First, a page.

When you get a pet these days, here’s the first question your friends ask you:
“Is it a rescue dog (or cat)?”
Your answer had better be “yes,” unless you want a stern lecture from your friends.
And that’s probably a good thing.
Peer pressure plays a very important part in saving the animals already out there. We all know it helps discourage the needless proliferation of countless more puppy (or kitty) mills.
But here’s the greatest 'animal rescue' story I’ve ever personally witnessed...and it happened just this afternoon--right here, on a busy street in Nashville, Tennessee.
As those of you here in town already know, Thursday was (by far) the hottest day of the year. (So far. Friday is expected to be even worse.)
Anyway, the ACTUAL temperature hit 104...so when my friends invited me out for a cool beverage or two at Nashville’s storied Sunset Grill, I was only too happy to oblige.
I arrived at around 6 o’clock, when the temperature was holding steady at 102.
The heat was impactful (to say the least) as I exited my 1990 freon-powered, 4-door Honda Meat Locker DX. (Note: The Meat Locker is a rare model that very much resembles an Accord, with a few strategically ignored dents. In other words, I like to keep the AC up kinda high.)
And I have no idea what was goin’ on in Hillsboro Village, but it’s been a long time since parking places were so hard to find, at such an early hour.
The place was packed.
Anyway, I was pleased to find my friends Joe and Donna at the bar, so I plunked myself down next to them and ordered a drink. Four or five of their other friends were there, too.
I was sorta late to the party, you might say.
Two of them went outside for a cigarette, and next thing I knew, there was a lot of animated commotion.
Apparently someone had spotted a small puppy alone in a sweltering car, across the street from the restaurant.
Although the windows of the car were open, the animal was lethargic, near-delirious, and very, very hot.
Normally, dogs don’t really “sweat”--but this beautiful little shepherd mix was soaked, scared, and pretty much trapped.
Within a few minutes, the bar patrons had literally rescued the dog--she probably wouldn't have lasted more than a few more minutes. They brought her across the street, provided some much-needed water on a patio area (still mighty hot, but way better than a 150 degree car) and petted and nurtured her, tag-team style, as each of them canvassed the circuit of local establishments, to try to find the owner.
A discussion arose as to whether or not somebody should simply “abscond” with the dog before the jerks returned, and we all agreed we'd deny any knowledge of it ("Dog? What dog?") if that happened.
That’s where Joe and Donna come in.
These two, I know.
They’re some of the most solid human beings you’ll ever find, and though they’re an ‘item,’ each has their own place--and each of them happens to already have three dogs.
Soon enough, Donna had made up her mind to just take the little girl home.
Then someone else at the bar began to offer to adopt her, and the ensuing discussion delayed things long enough that ‘guess who’ showed up.
That’s right: The idiots who already owned this poor pup.
Turned out to be three kids, around 19 or so, all of whom had been drinking somewhere in the area.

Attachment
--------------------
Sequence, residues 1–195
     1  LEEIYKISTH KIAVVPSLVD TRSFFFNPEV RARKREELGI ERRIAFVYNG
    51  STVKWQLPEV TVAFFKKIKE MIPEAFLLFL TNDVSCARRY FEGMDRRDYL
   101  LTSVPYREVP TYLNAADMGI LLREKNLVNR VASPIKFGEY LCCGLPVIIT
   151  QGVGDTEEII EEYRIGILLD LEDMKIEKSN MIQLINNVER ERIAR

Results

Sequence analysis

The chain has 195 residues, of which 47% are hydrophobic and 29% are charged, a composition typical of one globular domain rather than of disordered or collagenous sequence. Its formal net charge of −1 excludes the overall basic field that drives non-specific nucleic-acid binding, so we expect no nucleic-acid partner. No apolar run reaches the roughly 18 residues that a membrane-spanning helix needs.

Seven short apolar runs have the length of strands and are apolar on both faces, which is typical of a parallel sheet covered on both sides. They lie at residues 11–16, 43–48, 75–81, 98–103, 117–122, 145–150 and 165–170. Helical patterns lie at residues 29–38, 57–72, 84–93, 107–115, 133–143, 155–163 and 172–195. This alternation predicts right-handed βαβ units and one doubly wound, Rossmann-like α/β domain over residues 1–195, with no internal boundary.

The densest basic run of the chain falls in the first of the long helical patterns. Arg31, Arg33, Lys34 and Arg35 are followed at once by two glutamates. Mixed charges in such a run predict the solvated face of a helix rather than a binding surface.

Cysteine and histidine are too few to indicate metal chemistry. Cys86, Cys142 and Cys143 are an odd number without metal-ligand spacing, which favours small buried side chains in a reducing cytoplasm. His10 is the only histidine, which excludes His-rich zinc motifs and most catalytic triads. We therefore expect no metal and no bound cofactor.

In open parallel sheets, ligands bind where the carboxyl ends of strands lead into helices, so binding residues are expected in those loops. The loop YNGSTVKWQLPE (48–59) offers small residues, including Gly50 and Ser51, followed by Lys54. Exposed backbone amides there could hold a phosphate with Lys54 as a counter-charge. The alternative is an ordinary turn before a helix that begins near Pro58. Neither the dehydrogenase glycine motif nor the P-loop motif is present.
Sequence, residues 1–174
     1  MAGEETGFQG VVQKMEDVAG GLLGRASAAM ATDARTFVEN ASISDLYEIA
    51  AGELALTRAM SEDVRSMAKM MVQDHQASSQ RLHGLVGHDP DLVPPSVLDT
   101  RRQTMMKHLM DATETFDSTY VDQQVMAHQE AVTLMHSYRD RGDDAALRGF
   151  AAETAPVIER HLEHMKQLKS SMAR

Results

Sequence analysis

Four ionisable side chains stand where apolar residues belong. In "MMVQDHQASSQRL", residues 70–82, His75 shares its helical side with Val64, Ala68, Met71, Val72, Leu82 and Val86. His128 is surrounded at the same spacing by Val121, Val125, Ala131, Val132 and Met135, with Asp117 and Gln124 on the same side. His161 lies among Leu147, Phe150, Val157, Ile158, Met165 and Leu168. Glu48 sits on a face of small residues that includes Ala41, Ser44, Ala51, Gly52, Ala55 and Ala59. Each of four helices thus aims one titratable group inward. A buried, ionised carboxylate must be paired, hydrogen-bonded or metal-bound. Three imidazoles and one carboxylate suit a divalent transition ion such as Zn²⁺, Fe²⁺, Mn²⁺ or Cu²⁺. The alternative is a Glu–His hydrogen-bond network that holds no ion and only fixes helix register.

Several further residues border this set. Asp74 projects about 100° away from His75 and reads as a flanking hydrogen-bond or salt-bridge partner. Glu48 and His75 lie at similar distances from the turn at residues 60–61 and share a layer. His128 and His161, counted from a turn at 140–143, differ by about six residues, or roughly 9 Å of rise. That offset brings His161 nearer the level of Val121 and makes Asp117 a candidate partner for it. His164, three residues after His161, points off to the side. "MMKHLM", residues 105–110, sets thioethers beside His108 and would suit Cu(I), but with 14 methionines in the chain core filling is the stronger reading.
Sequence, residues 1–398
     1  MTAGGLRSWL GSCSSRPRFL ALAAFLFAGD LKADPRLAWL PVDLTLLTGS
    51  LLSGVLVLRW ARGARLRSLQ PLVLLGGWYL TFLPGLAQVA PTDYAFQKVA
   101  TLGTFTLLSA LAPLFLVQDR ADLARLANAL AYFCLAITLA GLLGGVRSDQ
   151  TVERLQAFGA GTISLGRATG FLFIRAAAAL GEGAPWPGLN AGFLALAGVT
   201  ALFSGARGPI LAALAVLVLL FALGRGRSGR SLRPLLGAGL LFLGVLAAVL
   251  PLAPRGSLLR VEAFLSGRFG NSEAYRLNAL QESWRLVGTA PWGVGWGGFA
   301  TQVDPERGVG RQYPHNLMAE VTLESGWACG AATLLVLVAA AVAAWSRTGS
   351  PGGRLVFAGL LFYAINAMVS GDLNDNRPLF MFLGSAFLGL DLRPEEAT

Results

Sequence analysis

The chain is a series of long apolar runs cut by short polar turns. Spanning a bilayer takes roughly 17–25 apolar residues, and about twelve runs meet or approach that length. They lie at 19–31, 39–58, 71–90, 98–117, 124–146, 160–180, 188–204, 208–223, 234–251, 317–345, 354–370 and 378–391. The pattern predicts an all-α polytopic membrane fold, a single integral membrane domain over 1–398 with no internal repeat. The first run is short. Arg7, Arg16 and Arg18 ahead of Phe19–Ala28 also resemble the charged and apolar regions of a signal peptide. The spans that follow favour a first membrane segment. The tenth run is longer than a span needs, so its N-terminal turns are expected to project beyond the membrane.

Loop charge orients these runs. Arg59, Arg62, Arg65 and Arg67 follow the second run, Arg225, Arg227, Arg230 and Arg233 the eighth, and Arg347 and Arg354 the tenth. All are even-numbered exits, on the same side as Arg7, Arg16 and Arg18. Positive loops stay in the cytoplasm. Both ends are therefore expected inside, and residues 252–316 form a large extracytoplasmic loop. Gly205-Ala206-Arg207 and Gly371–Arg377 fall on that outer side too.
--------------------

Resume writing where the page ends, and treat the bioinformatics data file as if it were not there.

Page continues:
The girl who claimed to be the owner of this frightened and dehydrated animal defended herself thusly:
“We were only gone twenty minutes! I should call the police! You can’t break into my car and just take my dog. I rescued her!”
Where to begin…where to begin…
I watched from afar, as several friends tried to explain to this knucklehead that even five minutes on this record-setting 104 degree day in Nashville could be potentially fatal.
The yelling got fairly intense, until my old friend Joe intervened, in his even-tempered but highly persuasive manner.
“Listen,” he began calmly. “Let me explain something to you: You aren’t leaving with this dog. Call the police, if you like. But if you don’t, I will. And trust me: You will be stopped, on your way home.”
I decided to leave the patio and return to the bar, as nobody needed another voice in this situation.
My guess was that the police might come, cite the kids for endangering the animal, and return the dog to their (questionable) care.
But here’s the most amazing part:
A couple minutes later, it was all over.
The know-nothing jerks who’d left the dog in their car (for nearly an hour, it turns out) had suddenly decided, based upon Joe’s advice, to relinquish the dog altogether!!!
Just left. Gave up. Split. Game Over.
It was (literally!) the best possible outcome for all concerned.
But it made me wonder...
What kind of person has so little concern for their pet, that they not only jeopardize its life, but then…just give it away, rather than face the consequences of their actions!?
Obviously, this person had established no emotional no bond with the animal in their care whatsoever.
On the plus side, it was a truly unbelievable result.
I mean, this particular ‘rescue-dog story’ will stay with Joe, Donna, myself, and whomever else witnessed it-- probably for the rest of our living days. I know I'll never think of the phrase "rescue dog" in quite the same way again.
But, for the dumbass dopes who did this?
It’ll probably fade from their youthful memory completely, within a day or two.
For a suffering little puppy, life began anew
at around seven o’clock this evening, outside a treasured local gathering place called the Sunset Grill in Nashville, Tennessee. And as they held her up for my camera, I couldn’t help but ask Joe and Donna, “What are you gonna call her?”
They answered in unison:
God, I love a happy ending.
Copyright 2012 by Peter Rodman. All Rights Reserved.